With the coming of July, 31 new laws went onto state books, including budgetary edicts establishing $2.8 billion for government and education programs during fiscal 1988-89.
More obscure is the law that, as of Friday, requires the state to contribute $1,000 to the Heritage Trees Advisory Committee.And in the realm of state taxes, Utahns now will be charged sales tax on goods sold to them by non-profit institutions such as colleges, hospitals and churches.
Legislators removed that former tax break to quiet the complaints of private restaurants that claimed non-profit organizations were enjoying an unfair competitive edge.
State and local governments will collect an extra $1 million or so annually as a result of the extension of the sales tax to non-profit enterprises.
Other new laws directly affect state or local agencies or business sectors rather than citizens at large.
For instance, one eliminates the need to have the state's Dentist and Dental Hygienist Board include one dentist member who has been licensed to practice for less than five years.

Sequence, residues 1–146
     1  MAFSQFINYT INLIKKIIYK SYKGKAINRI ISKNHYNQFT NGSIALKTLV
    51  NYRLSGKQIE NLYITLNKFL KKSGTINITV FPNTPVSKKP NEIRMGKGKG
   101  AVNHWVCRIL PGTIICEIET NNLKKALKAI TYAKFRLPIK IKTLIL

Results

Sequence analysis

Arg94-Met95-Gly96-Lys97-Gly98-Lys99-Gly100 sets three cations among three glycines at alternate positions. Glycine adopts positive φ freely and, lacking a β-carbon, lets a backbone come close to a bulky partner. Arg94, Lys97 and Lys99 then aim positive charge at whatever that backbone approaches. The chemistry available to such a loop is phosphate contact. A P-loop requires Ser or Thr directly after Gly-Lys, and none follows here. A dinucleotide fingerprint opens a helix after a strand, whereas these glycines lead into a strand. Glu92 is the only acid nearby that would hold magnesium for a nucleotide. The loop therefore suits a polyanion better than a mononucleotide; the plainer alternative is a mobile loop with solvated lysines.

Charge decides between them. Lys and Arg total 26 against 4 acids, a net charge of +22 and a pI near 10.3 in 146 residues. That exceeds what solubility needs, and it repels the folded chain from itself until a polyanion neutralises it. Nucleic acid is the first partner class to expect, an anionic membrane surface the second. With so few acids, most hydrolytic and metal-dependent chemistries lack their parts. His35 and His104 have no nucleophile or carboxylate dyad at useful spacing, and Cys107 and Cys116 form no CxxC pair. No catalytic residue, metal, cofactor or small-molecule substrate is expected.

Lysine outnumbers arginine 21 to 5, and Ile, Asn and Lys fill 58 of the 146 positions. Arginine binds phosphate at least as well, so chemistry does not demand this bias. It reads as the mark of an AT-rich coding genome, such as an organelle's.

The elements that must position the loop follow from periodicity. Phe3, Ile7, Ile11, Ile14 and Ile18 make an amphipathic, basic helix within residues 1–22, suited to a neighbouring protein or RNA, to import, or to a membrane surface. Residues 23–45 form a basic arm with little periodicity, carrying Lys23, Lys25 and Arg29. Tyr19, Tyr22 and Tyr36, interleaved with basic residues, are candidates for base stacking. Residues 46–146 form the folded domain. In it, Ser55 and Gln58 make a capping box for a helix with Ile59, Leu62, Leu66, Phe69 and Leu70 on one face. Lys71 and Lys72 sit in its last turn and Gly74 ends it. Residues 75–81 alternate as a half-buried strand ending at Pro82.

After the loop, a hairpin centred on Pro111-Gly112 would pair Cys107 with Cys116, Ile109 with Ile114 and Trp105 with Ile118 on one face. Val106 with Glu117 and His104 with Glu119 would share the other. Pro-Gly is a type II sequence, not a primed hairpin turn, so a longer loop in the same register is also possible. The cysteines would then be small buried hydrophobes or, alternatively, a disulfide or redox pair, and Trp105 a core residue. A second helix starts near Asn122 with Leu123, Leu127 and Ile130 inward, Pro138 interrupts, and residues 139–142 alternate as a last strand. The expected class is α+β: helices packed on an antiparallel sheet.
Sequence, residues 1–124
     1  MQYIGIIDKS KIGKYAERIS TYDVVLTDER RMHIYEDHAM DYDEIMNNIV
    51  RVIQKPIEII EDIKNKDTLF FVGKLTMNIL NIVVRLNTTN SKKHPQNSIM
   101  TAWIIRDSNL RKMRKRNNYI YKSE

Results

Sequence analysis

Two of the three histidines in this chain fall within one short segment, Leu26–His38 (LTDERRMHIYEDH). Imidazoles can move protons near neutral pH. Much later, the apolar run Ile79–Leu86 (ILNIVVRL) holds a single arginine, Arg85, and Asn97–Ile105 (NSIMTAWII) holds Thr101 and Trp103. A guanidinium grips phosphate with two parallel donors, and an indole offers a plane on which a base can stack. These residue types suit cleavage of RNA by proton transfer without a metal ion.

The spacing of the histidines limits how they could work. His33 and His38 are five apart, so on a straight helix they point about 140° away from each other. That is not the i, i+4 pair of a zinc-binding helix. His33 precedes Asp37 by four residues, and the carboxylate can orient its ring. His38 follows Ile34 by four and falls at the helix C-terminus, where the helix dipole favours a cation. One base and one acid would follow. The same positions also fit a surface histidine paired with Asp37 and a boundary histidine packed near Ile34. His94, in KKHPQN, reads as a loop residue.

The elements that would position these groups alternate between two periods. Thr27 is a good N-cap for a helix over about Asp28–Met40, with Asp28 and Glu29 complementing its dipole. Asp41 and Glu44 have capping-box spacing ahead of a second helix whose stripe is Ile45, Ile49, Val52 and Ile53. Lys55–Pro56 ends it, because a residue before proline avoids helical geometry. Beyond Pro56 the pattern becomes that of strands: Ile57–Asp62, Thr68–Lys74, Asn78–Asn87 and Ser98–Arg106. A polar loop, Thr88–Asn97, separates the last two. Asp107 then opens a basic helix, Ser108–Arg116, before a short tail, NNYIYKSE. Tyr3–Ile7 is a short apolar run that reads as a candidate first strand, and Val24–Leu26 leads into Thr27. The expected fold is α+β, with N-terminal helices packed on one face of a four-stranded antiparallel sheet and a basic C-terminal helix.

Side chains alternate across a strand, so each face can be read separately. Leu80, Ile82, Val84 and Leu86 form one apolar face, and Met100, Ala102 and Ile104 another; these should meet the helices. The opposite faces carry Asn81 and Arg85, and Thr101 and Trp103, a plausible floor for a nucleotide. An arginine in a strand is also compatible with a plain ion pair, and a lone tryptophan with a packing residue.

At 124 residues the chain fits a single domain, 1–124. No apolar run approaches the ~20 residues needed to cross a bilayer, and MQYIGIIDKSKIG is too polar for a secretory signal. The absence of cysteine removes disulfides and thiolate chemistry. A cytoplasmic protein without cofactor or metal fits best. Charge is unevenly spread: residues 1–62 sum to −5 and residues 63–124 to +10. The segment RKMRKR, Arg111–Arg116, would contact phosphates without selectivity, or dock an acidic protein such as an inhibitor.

Another new statute requires car dealers in arrears on sales-tax collections to pay the tax directly on every vehicle sold until their delinquency is cleared.
Still another exempts mutual insurance policies of public agencies from Utah's premium tax.
Most of the 206 measures the Legislature adopted in its 1988 annual session in January and February became law in late April - or 60 days after the session's end, as the Utah Constitution dictates for bills passed with unspecified effective dates.
Friday's batch included a number of new health- and education-related statutes.
The Utah Department of Health will be required to keep track of all sources of ionizing radiation, such as X-ray machines in hospitals and clinics. Regulations on registering and inspecting those devices will be set.
Another measure prohibits any state agency from restricting the dispensation of drugs - except those for "cosmetic purposes" - whose costs can be recovered through Medicaid.
As of Friday, local school districts must develop remedial programs in English, mathematics, science and social studies in grades 7 through 12 in order to raise student competency levels. Fees may be set for the courses.
Also, the Utah State Board of Education formally assumes responsibility for preschool programs for handicapped children age 3 to 5 from the Utah Department of Social Services.
A new criminal statute more clearly defines the lack of "consent" in circumstances related to child sexual abuse.